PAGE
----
Continued from previous page.

Complications due to immobility

Following a stroke, patients may have limited mobility which predisposes them to complications such as pressure sores and deep vein thrombosis (DVT). Early mobilisation is the key to avoiding these complications.

Prolonged pressure on the skin due to immobility can lead to skin breaks with the potential complication of skin infection. Regular re-positioning and devices to minimise pressure such as pressure-relieving mattresses, have been shown to reduce the incidence of pressure sores. DVT is clotting within the vein of the lower limb and can be potentially life-threatening. Early mobilisation and medications can help prevent DVT in the immobilised stroke patient.


Stroke patients often have swallowing difficulties which can increase the risk of choking and chest infection. The speech therapist may recommend a thickened diet, supervised feeding and specific techniques to aid swallowing and prevent complications. In some cases, it may be too unsafe to take food via the mouth and tube feeding may be recommended to provide nutrition and hydration.


Stroke patients are at risk of infections, particularly those affecting the chest and urinary tract. Chest infection following stroke is commonly due to aspiration, inhaling oral or gastric contents into the lung due to swallowing difficulties. Techniques like eating or drinking upright instead of in a low lying position, diet modification to facilitate swallowing and tube-feeding can lessen the risk of aspiration. Stroke patients are prone to urinary retention which increases the risk of urinary tract infections. Post-stroke chest and urinary tract infections are usually treated with antibiotics.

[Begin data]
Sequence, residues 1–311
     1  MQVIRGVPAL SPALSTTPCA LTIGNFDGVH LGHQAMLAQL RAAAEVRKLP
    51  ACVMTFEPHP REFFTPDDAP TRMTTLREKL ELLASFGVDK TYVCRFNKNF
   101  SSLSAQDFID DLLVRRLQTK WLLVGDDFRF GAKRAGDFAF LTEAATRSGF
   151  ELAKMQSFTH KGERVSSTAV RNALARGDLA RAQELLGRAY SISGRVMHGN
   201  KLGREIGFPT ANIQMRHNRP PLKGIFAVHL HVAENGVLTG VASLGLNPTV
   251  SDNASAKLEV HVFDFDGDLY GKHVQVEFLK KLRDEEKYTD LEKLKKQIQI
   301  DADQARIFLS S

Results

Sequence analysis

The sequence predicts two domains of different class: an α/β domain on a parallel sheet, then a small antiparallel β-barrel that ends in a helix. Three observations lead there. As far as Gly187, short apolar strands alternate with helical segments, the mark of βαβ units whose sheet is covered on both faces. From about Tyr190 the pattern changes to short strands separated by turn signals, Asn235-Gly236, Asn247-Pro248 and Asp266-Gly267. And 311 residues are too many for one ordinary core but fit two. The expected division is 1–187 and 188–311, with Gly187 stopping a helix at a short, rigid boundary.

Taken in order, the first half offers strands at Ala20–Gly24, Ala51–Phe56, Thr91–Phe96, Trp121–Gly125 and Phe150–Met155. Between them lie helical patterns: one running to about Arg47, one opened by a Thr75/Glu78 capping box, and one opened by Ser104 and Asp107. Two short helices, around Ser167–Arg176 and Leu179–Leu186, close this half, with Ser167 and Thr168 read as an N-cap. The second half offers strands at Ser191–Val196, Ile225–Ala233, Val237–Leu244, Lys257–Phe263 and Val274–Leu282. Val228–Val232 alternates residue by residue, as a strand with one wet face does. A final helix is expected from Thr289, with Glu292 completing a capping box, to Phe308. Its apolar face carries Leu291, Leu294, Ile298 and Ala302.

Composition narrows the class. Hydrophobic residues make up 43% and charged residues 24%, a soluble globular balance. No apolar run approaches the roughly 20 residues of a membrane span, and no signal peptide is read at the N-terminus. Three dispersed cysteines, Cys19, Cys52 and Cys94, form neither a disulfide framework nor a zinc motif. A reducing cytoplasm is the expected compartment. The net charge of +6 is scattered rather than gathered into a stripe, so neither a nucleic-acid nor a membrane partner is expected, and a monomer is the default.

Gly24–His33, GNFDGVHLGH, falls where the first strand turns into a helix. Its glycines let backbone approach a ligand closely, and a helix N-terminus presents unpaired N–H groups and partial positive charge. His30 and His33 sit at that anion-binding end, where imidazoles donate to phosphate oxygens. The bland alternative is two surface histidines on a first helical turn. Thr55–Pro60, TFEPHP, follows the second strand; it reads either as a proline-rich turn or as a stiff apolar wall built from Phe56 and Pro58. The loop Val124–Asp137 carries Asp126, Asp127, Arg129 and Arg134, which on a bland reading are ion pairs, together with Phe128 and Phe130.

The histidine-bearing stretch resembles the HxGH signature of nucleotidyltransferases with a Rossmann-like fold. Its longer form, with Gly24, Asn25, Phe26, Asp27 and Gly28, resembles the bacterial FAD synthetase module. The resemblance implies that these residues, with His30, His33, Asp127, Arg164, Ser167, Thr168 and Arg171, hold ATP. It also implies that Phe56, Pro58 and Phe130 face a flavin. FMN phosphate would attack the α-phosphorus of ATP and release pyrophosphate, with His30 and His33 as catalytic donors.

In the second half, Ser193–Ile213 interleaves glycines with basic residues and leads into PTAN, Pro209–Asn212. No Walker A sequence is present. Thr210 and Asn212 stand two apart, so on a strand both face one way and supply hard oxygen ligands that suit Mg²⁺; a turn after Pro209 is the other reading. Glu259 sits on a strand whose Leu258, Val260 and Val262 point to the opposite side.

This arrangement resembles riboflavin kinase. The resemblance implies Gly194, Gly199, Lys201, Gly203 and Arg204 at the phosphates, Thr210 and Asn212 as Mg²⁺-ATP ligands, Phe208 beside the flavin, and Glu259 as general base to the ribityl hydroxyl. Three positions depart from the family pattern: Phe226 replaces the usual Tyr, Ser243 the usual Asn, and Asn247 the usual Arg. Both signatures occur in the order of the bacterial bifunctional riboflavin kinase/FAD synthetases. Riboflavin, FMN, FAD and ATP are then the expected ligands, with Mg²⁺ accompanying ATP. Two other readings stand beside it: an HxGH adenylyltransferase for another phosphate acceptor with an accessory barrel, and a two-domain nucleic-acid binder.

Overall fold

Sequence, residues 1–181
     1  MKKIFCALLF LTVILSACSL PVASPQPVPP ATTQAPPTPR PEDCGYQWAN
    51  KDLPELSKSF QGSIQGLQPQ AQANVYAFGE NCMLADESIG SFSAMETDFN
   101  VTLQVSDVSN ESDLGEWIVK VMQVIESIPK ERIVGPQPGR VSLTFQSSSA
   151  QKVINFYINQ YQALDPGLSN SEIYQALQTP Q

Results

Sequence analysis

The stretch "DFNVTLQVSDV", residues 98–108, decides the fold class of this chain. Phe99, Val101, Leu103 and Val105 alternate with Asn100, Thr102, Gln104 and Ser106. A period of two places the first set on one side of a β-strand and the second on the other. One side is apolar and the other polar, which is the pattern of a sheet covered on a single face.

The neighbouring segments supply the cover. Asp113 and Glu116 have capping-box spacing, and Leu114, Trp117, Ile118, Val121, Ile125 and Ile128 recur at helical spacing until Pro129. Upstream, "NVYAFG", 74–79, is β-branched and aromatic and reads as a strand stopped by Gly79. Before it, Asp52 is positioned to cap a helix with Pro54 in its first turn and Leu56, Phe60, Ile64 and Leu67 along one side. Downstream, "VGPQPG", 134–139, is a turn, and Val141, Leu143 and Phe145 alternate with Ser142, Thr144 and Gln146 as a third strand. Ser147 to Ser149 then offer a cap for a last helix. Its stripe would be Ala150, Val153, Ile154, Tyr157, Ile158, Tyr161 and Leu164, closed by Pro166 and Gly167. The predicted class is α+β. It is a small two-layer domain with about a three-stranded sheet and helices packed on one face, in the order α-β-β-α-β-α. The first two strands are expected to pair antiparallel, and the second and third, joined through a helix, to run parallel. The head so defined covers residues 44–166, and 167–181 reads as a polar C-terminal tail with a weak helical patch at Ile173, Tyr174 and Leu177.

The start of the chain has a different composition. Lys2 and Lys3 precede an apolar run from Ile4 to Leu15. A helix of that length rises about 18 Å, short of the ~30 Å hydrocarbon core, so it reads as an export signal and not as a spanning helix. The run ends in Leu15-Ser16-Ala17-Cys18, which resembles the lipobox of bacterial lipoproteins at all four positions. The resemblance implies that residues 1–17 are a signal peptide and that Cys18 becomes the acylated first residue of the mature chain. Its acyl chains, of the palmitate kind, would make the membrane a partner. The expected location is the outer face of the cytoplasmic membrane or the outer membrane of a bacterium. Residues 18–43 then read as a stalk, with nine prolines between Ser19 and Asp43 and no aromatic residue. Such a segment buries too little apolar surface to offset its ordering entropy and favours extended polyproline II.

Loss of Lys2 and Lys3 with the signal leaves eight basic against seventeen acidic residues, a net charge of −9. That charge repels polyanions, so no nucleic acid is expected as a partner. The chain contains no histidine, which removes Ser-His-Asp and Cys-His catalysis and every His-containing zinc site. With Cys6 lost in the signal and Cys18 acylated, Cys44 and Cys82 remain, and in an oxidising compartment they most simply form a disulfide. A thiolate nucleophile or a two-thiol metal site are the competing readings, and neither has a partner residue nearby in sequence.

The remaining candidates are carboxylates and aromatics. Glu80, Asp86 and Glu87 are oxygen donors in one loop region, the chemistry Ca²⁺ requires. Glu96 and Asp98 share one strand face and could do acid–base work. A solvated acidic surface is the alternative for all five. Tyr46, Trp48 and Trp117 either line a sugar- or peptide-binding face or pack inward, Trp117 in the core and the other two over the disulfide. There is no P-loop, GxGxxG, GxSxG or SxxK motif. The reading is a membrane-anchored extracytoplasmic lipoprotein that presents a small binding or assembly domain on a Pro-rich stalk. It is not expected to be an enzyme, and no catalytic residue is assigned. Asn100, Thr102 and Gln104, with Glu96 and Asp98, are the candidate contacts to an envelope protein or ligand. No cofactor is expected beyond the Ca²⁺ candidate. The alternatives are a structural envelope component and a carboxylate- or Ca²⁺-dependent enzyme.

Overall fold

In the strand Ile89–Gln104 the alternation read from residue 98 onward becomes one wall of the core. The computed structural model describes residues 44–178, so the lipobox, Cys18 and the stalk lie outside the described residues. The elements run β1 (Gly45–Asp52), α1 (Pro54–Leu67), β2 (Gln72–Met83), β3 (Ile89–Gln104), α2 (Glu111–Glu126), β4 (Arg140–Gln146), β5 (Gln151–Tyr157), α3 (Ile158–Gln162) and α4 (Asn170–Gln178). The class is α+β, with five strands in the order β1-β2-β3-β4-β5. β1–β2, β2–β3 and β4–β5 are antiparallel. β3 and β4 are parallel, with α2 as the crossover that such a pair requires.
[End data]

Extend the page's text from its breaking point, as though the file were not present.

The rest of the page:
Falls and accidents

Stroke deficits such as weakness, sensory impairment, incoordination, imbalance and visual problems predispose the patient to accidents and falls. The physical or occupational therapist will advise on home modifications to assist the patient in moving around the house to reduce accidents. Gait training and assisted walking devices may be prescribed to lessen the risk of falls.

Social impact

Stroke complications not only affect the stroke patient but the family too. Stroke affects the dynamics of a family. Stroke patients may no longer be able to work or perform their previous roles in the family. A family member may need to provide care for the stroke patient. Stroke has an economic burden due to the cost of medical care as well as the loss of income. Hence the quality of life of the stroke patient’s family may be affected.

Talking to a member of the healthcare team about social concerns is important as there are social support services available that may be able to ease some of the burden. Joining a stroke support group can also help the stroke patient, caregiver and family cope with the social impact of stroke.

See previous page for motor, cognitive and psychological complications after a stroke.

Ref: N18